The UC Davis Symphony Orchestra was founded in 1959, and has since established itself as a major campus and community arts offering. The UC Davis Symphony has toured California, Canada, and Australia and French Polynesia.In June 2003 the orchestra traveled to France to participate in the Berlioz bicentenary over the course of a series of five concerts.It regularly serves as the pit orchestra for UCD Mainstage productions and appears at major campus events and ceremonies, including Fall Convocation and Commencements.The UC Davis Symphony is a principal resident ensemble at the
Henry Spiller — a member of the music department faculty at UC Davis for 10 years — has a new book out, detailing “American love affairs with Javanese music and dance” through the stories of four North American artists.
The Golden West Winds is part of the United States Air Force Band of the Golden West from Travis Air Force Base, California. Comprised of flute, oboe, clarinet, French horn, and bassoon, this ensemble supports a wide variety of musical events ranging from military ceremonies and patriotic shows to educational programs and recitals of original works for woodwind quintet. To support these events the Golden West Winds plays music of all styles including marches, jazz and classical music.
This Poem of Ecstasy was often referred to as his Fourth Symphony, by Alexander Scriabin himself. However, it was written as a one-movement work, and one that could be considered to have autobiographical elements. Complete with solos for the violin and trumpet, the score is marked with expressions such as “very perfumed” and “with a sensual pleasure, ever more ecstatic.” Although Scriabin’s orchestral work has been received with mixed criticisms, the Poem of Ecstasy ends in a universally glorious manner.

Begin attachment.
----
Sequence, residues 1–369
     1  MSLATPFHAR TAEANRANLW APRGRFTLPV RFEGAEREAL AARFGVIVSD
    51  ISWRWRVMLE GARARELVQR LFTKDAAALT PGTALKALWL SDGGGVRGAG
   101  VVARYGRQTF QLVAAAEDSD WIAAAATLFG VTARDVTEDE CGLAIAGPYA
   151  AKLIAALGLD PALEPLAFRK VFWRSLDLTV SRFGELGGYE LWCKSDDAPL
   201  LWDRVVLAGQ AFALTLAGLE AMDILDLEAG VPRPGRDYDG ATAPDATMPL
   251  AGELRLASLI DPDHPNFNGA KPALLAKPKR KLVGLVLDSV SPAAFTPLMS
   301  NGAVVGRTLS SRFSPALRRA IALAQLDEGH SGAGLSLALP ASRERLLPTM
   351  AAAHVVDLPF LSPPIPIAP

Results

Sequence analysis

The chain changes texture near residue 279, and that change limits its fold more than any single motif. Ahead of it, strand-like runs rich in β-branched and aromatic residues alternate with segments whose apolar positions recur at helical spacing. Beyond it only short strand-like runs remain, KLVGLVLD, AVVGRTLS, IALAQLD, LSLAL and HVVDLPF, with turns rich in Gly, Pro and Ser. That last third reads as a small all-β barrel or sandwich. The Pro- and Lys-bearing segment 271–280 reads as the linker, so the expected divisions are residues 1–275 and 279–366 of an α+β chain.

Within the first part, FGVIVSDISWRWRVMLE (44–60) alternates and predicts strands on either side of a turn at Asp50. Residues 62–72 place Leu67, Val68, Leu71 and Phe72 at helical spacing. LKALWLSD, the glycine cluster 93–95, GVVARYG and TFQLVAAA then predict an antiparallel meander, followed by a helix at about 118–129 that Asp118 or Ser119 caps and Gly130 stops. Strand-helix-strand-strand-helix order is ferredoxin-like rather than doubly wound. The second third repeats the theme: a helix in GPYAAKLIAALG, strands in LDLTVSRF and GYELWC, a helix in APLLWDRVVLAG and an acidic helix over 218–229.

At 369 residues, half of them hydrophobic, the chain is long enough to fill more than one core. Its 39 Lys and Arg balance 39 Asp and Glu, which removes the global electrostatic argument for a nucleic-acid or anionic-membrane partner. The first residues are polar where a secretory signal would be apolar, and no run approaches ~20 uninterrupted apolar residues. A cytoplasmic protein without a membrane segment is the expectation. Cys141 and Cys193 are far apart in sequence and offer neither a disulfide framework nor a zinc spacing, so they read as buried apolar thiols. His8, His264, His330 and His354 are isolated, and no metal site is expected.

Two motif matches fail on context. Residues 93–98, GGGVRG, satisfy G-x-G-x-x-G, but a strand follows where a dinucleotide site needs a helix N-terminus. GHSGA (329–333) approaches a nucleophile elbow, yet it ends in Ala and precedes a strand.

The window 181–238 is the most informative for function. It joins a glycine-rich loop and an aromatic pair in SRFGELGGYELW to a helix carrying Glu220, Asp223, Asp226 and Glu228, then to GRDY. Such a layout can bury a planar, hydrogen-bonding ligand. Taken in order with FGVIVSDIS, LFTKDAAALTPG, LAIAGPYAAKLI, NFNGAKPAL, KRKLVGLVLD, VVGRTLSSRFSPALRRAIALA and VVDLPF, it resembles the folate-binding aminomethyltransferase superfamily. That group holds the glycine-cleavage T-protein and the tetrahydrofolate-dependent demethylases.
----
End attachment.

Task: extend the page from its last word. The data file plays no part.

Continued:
Beethoven: Violin Concerto, with Alina Kobialka, violin
The UC Davis Symphony Orchestra last performed this—Beethoven’s only—violin concerto with faculty-affiliate Michael Sand in Freeborn Hall. Alina Kobialka last performed with the UC Davis Symphony Orchestra, performing the Waxman Carmen Fantasy. Beethoven’s violin concerto was hurriedly finished—so much so that the violinist, Franz Clement, had to sight-read the solo at the premiere performance in 1806. Perhaps the most easily-recalled melody is in the final rondo, perhaps evocative of Mozart or the hunt. Although Fritz Kreisler’s cadenzas are the most frequently performed, there are more than 50 others, including one by Joseph Joachim, who is credited with reviving the concerto into popularity in 1844.
A difficult work for the musicians and conductor to boot, Edgar Varèse’s Amériques requires at least 14 percussionists, wielding instruments that vary from sirens to ratchets to timpani. Varèse left France after World War I, moved to the United States, and began building his identity as a composer. (His contemporary composers in Europe were Debussy, Busoni, and Satie.) Varèse’s first performance in the U.S. was not his Amériques, which went unperformed until 1926. In fact it was Berlioz’s monumental Requiem, which may explain Varèse’s curiosity with grand orchestration. Like the Scriabin, it too is a one-movement work, but Amériques focuses on the expression of sounds. The sirens presumably help illustrate the noise of a bustling New York City. If one listens carefully, one might imagine buildings being built, and at the same time, feel the energy of discovery and adventure—perhaps an expression of the idea of the word “America.”